Competitive Exams: The Control Function

Introduction

Control is an essential function of management in every organization. The management process is incomplete and sometimes useless without the control function. The management process includes planning, organizing, staffing, leading, and controlling. Planning sets forth the objectives a manager intends to achieve. Organizing provides the structure of an organization by determining how and where the employees will be placed in the organization and the responsibilities that they will need to fulfill to attain predefined objectives. Staffing involves the managerial function of placing the right person in the right job in the organization. Leading involves the managerial function of influencing, motivating and directing the human resources of the organization to achieve organizational goals. The control function is concerned with ensuring that the planning, organizing, staffing and leading functions result in the attainment of organizational objectives. In other words, control is a tool that helps organizations measure and compare their actual progress with their established plan.

The term ‘control’ has different meanings in different contexts. In the management context, ‘control’ refers to the evaluation of performance and the implementation of corrective actions to accomplish organizational objectives. Some people confuse ‘control’ with ‘supervision.’ Supervision is a part of control; it helps identify deviations from the established standards of performance.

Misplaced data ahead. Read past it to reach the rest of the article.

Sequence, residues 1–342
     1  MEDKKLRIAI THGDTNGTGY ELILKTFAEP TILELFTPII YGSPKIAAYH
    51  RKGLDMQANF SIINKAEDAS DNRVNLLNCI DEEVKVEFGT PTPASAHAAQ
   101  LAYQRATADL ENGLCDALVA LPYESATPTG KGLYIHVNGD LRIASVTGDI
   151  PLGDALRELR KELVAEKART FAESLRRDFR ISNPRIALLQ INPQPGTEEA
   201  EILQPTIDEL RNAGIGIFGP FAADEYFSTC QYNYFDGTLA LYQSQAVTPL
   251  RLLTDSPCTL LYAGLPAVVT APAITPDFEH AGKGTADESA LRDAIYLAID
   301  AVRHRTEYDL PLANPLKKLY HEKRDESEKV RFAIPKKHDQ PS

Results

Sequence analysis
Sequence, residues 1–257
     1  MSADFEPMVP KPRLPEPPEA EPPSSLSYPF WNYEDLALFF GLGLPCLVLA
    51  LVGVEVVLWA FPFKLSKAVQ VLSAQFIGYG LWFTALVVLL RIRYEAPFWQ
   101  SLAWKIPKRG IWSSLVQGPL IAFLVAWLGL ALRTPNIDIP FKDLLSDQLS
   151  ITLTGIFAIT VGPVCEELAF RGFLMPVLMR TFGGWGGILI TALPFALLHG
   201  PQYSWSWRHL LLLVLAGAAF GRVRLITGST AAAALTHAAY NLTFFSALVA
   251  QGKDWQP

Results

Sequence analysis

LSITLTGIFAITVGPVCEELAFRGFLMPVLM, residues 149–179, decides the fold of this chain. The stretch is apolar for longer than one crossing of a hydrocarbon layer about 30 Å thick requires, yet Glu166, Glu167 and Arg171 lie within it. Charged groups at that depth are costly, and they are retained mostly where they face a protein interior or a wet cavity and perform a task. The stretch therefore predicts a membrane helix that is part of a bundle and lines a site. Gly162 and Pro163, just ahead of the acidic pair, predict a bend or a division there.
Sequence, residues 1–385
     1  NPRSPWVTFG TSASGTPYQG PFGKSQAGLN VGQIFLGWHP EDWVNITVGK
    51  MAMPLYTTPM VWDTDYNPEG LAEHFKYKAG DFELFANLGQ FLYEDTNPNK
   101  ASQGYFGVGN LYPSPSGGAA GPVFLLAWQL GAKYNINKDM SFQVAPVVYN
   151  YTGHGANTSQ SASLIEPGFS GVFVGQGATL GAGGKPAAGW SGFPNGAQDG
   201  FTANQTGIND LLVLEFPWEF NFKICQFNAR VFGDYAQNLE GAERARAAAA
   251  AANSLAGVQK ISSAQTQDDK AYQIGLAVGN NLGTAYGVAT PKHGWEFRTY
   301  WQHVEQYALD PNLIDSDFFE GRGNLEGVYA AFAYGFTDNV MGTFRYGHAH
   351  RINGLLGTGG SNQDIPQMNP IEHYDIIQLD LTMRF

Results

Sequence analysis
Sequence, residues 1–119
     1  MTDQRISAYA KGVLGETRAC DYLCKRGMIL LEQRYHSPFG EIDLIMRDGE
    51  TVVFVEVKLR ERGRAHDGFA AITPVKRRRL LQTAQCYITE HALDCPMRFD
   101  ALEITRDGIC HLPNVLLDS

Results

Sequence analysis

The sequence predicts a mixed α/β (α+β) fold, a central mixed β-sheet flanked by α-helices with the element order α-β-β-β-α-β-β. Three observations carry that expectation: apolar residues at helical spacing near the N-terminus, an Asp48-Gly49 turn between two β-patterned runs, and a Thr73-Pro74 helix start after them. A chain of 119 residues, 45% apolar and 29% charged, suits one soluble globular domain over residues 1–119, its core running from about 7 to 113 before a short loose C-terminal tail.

Importance Of Controlling

The control function is gaining importance in today's organizations due to a number of factors. These factors include the need for accountability in organizations, the need to detect environmental changes that significantly affect organizations, the growing complexity of present day organizations and the need to identify operational errors in organizations to avoid incurring excessive costs.

In addition to addressing the above mentioned factors, controlling plays an important role in helping managers detect irregularities, identify opportunities, handle complex situations, decentralize authority, minimize costs, and cope with uncertainty.

Basic Control Process

Even though control systems need to be tailored to suit specific situations, they all involve the same basic process. When exercising the control function, a manager measures the performance of an individual, a plan, or a program against certain predetermined standards and takes corrective action if there are any deviations. The process involves the following steps:

  • Determining areas to control
  • Establishing standards
  • Measuring performance
  • Comparing performance against standards
  • Recognizing good or positive performance
  • Taking corrective action when necessary
  • Adjusting standards and measures when necessary

Types Of Control

Controls Based on Timing

Major Control Types based on Timing

Stages of Production

Type of Control

Description

Input: Capital, Labor, Raw materials, Market information, Equipment

Feed forward control

Inputs are monitored to ensure that they meet the standards necessary for the transformation process.

Transformation process: Planning, Organizing, Staffing, Leading, Controlling

Concurrent control

Regulates ongoing activities that are a part of the transformation process to ensure that they conform to organizational standards.

Output: Goods, Services, Profits, Waste materials

Feedback control

Exercised after a product or service has been produced to ensure that the final output meets quality standards and goals.

Requirements For Effective Controls

  • Controls should reflect plans, positions and structures
  • They should be understandable
  • They should be cost-effective
  • Controls should identify only important/major exceptions
  • Control systems should be flexible
  • Control systems should provide accurate information